It is predicted that the Atlantic hurricane season will be record-breaking with the likelihood of exceeding the 2017 season
It is predicted that the Atlantic hurricane season will be record-breaking with the likelihood of exceeding the 2017 season. The season could be around double the number of the long-term average, according to AccuWeather.
The Atlantic is now warming up, driven by an annual cycle with an average minimum temperature of 50C – a half degree increase over average. This might create an exceptionally active hurricane season this year.
Weather Channel forecaster Tom Kines predicts the season will be the worst in more than a decade. “I would argue that we are going to see five of the 10 most intense hurricanes on record before we see zero,” he said.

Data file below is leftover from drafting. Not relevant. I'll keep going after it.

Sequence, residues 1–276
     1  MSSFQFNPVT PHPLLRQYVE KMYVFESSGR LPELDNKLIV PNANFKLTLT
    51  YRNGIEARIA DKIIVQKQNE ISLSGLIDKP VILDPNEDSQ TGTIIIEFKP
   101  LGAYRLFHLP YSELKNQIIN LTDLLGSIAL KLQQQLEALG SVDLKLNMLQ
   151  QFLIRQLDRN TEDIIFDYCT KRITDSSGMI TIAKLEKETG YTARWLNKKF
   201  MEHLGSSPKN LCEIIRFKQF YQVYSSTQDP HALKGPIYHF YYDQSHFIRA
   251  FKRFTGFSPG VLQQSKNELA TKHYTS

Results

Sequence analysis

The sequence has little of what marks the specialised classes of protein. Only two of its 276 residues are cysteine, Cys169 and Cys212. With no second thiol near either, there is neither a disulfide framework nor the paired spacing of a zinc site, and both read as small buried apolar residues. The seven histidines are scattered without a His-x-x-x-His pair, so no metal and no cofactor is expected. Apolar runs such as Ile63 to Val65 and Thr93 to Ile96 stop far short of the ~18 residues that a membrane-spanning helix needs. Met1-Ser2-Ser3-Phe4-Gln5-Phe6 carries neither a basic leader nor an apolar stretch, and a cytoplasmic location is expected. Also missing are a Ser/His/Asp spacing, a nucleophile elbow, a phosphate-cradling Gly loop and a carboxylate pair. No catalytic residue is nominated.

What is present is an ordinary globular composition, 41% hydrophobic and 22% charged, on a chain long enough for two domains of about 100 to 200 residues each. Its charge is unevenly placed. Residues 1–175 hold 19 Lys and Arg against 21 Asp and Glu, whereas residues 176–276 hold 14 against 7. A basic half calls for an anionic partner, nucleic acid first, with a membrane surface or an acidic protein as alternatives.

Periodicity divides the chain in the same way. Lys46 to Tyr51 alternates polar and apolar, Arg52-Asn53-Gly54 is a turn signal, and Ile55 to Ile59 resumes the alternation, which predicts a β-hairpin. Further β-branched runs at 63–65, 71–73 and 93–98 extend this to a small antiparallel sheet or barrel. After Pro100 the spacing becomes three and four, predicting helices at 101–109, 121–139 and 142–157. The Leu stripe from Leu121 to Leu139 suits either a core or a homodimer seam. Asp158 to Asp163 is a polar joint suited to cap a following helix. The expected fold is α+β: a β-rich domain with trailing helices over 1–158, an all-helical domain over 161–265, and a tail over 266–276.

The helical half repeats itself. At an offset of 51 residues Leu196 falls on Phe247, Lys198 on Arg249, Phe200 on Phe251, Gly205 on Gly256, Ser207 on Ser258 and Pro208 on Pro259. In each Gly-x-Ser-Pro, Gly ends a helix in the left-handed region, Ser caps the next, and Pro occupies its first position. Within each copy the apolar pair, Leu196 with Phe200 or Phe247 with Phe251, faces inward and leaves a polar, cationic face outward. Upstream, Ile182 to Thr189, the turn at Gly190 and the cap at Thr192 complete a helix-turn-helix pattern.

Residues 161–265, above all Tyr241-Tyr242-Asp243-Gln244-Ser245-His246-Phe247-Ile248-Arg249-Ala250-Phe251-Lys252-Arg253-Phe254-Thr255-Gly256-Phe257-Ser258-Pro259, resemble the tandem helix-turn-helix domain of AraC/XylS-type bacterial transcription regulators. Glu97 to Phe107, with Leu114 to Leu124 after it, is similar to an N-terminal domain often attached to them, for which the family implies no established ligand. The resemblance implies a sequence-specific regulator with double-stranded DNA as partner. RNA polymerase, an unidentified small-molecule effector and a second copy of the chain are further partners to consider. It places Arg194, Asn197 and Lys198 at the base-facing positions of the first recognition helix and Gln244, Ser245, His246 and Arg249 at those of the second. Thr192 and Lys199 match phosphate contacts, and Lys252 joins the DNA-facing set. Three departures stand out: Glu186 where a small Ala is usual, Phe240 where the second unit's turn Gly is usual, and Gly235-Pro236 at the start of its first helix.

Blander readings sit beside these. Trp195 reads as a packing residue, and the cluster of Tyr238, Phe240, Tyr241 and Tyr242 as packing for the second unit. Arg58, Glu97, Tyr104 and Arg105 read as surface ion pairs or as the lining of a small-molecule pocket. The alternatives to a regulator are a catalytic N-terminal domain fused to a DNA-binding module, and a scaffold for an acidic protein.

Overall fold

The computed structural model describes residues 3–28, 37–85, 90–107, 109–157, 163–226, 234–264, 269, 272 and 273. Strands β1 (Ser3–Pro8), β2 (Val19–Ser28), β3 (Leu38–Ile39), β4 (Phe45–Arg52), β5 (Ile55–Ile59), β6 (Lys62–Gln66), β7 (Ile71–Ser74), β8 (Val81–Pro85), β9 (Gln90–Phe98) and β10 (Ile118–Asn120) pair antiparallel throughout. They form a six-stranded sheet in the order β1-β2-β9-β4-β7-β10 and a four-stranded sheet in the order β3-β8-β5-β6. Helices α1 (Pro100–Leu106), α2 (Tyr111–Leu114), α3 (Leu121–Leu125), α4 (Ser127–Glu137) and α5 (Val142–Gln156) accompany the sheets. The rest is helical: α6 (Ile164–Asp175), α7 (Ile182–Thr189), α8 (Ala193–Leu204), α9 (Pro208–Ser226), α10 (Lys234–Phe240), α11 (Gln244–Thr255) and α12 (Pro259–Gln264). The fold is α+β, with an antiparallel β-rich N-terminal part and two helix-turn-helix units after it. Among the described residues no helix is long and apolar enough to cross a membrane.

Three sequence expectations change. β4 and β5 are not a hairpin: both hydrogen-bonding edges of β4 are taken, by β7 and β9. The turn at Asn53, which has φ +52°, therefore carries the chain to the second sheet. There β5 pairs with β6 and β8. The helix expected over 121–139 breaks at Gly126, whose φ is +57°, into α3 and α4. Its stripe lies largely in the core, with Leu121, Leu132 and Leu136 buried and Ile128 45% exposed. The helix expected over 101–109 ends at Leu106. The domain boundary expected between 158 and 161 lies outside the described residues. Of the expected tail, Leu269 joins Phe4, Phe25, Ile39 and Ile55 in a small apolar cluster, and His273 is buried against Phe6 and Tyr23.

Predicting an active season can be difficult because the abnormal events can still occur. The hottest day ever recorded on Earth was in 2015, and in the Atlantic in 2015 is when hurricane-force winds hit for the first time in the year, causing almost 3,000 deaths worldwide. But an updated global weather computer model shows warmer air has flowed over the ocean, thereby weakening the weakening hurricane system.
Even though these predictions appear to be coming true, the storm season is still around a month away and forecasters are still unsure what will happen.
“I just have a feeling it is going to get warmer out there and less likely to dampen down,” Kines said.